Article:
City Council has introduced a funding plan for the Neighborhood Preservation Initiative (NPI), a $400 Million plan for massive, citywide investments in affordable housing production, home repairs, small business revitalization and neighborhood preservation. NPI was approved in Council last year, along with financing to pay for it. Last week, Council leaders introduced a detailed spending plan for NPI in legislation. Its programs will include:
- Affordable Housing Production ($113 Million)
- Preservation of Affordable Housing ($64.6 Million)
- Support for First-time Home Buyers ($58 Million)
- Basic Systems Repairs to Existing Homes ($38 Million)
- Infrastructure Improvements in Neighborhoods ($26.6 Million)
- Permanent Housing for Homeless ($15.2 Million)
- Neighborhood Small Business Support & Revitalization ($15.2 Million)
NPI’s four-year budget also includes Shallow Rent Assistance ($15.2 Million), Eviction Prevention ($11.4 Million), and Tangled Title support ($7.6 Million.)
Council leaders held a news conference in West Oak Lane days before the spending plan was introduced, where they were joined by a small business owner who symbolizes the kind of commercial corridor investments envisioned under NPI.
“Thanks to the city, our storefront and sidewalk are clean and orderly, and our signage is attractive to our customers,” said Crystal Bradley, owner of Gilben’s Bakery and Specialty Sandwich Shop on Stenton Avenue. “It makes them feel comfortable to come and shop
here. I’m very glad to hear the city plans to invest in commercial corridor revitalization all across Philadelphia.”
Ms. Bradley was joined at the news conference by Council President Darrell L. Clarke (5th District), Cherelle L. Parker (9th District), Council’s majority leader, and Councilmembers Maria D. Quiñones Sánchez (7th District), Jamie Gauthier (3rd District) and Helen Gym (At Large).
Clarke called NPI “the largest, single investment in Philadelphia neighborhoods in city history.” Parker said, “NPI will spend close to a half-billion dollars to help those in poverty, prevent those living on the margins from falling further behind, create sustainable jobs and assist small businesses – which need help the most right now.”
Quiñones Sánchez said, “City Council has developed a better New Normal and will aggressively invest in neighborhoods and our residents to ensure real inclusion and equity in our recovery and our growth.”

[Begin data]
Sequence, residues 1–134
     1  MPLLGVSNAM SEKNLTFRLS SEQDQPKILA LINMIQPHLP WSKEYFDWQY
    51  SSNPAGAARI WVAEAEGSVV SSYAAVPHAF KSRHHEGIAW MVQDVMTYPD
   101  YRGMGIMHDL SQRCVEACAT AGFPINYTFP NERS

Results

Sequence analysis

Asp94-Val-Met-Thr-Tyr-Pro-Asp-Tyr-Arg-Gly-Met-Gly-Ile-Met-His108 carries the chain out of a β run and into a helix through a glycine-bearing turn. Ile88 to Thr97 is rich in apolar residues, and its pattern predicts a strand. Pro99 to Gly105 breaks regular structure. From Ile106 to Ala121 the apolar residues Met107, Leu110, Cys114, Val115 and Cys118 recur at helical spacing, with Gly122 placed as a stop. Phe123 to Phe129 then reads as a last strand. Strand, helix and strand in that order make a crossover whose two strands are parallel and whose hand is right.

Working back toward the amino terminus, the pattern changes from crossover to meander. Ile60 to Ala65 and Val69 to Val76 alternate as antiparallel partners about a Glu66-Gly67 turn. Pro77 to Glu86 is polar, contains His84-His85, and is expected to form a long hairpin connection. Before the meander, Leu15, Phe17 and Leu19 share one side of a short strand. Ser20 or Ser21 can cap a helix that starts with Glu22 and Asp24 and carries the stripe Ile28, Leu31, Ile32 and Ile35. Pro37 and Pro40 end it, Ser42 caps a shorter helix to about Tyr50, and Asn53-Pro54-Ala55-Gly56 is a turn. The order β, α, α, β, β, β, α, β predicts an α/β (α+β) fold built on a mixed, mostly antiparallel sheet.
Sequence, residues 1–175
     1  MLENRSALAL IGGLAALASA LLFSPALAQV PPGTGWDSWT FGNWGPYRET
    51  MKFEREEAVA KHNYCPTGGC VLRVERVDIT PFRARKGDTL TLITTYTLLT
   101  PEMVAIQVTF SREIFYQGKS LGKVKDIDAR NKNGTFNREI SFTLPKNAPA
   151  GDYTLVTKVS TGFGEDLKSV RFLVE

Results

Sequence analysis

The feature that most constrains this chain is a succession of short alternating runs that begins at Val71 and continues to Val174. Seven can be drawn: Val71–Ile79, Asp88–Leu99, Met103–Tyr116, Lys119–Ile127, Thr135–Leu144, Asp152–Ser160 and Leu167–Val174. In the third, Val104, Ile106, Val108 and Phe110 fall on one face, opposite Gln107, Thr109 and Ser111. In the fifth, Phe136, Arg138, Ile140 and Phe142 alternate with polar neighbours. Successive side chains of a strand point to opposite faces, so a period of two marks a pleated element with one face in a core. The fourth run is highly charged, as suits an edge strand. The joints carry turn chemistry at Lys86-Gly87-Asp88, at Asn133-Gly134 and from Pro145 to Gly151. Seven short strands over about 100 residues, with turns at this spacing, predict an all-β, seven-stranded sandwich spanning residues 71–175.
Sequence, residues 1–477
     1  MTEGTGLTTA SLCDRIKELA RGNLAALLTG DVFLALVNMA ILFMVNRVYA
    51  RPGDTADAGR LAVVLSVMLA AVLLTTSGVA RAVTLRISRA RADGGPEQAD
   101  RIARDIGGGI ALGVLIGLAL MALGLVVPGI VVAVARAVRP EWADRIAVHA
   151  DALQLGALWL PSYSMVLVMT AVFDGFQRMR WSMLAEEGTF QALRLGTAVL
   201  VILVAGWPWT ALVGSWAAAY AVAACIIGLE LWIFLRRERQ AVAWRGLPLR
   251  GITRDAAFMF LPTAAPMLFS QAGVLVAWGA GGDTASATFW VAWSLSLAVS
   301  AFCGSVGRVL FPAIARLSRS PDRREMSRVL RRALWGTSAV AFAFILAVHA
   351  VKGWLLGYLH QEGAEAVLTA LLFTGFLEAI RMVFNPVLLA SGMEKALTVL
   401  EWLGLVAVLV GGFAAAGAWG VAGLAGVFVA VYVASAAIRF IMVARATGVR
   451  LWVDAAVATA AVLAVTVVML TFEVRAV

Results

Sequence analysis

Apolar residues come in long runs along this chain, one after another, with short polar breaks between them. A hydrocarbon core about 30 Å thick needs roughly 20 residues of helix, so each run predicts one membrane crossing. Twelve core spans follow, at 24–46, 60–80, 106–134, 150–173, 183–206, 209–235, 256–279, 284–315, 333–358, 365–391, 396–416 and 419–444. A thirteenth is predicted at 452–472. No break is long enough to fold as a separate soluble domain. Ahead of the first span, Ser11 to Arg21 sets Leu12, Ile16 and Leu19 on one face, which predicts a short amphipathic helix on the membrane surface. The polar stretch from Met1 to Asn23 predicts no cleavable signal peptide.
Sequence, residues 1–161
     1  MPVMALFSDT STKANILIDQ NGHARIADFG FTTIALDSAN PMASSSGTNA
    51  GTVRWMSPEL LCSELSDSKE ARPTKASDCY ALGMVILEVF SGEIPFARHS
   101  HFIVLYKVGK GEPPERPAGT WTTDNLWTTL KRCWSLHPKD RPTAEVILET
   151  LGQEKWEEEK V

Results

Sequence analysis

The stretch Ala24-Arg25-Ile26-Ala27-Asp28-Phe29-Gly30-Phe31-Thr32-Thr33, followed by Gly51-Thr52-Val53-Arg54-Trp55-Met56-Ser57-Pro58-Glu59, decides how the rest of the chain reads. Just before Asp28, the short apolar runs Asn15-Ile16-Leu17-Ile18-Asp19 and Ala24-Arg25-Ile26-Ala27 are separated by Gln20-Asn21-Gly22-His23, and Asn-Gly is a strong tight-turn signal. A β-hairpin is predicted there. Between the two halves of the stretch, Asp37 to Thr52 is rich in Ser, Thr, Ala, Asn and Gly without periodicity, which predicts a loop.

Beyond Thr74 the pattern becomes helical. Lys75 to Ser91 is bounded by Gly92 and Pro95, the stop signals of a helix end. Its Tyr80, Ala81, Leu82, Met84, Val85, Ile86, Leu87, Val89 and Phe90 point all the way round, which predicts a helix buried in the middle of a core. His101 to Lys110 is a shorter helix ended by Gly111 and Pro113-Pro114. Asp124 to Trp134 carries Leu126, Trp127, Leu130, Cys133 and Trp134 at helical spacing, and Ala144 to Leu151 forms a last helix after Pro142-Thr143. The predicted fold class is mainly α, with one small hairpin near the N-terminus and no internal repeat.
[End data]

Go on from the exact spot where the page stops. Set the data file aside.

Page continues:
COUNCILMEMBER THOMAS’ DRIVING EQUALITY LEGISLATION TO PREVENT RACIAL DISPARITIES IN POLICE CAR STOPS RECEIVES PRELIMINARY APPROVAL
An ordinance introduced by Councilmember Isaiah Thomas (At Large), intended to remove Philadelphia police from certain kinds of traffic stops received preliminary approval in Council this week. The intent of Councilmember Thomas’ legislation is to prevent racial disparities with policing without risking public safety.
“We need to rethink police-community relations in a way that does not infringe on public safety. I believe my Driving Equality Agenda does that,” Councilmember Thomas said. “A person of color’s first exchange with a police officer shouldn’t be during a discriminatory traffic stop. By working closely with the Police Department, we were able to identify traffic stops that do nothing to keep people safer and remove the negative interaction.”
Councilmember Thomas’ legislation received a public hearing this week in Council’s Public Safety Committee, and then first-reading approval in Council’s Meeting on Thursday. The bill’s approach to reducing police-community tension, which has received widespread support, seeks to redirect police time and resources towards keeping Philadelphia safe while removing negative police interactions. Driving Equality will reclassify certain traffic violations so that a traffic stop is no longer warranted, including a busted taillight or a loud muffler. Additionally, a second bill will require Philadelphia police to collect and publicly report data relating to traffic stops.
COUNCILMEMBER JONES INTRODUCES RESOLUTION TO INVOLVE HBCUs IN RECRUITMENT TO HELP MAKE PHILADELPHIA POLICE DEPARTMENT MORE DIVERSE
Councilmember Curtis Jones, Jr. (4th District) introduced a resolution in Council this week to hold hearings to explore how the region’s historically Black colleges and universities can be involved in recruiting candidates to join the Philadelphia Police Department, with the goal of increasing the department’s diversity.
Councilmember Jones’ resolution states that Council’s Committee on Public Safety, which he chairs, will hold hearings to examine ways to create curriculum and degree programs within Pennsylvania’s Historically Black Colleges and Universities (HBCUs), including Cheyney University and Lincoln University, to become feeders of recruitment to the Police Department with the goal of diversifying the city’s police force – a struggle for the department in recent years.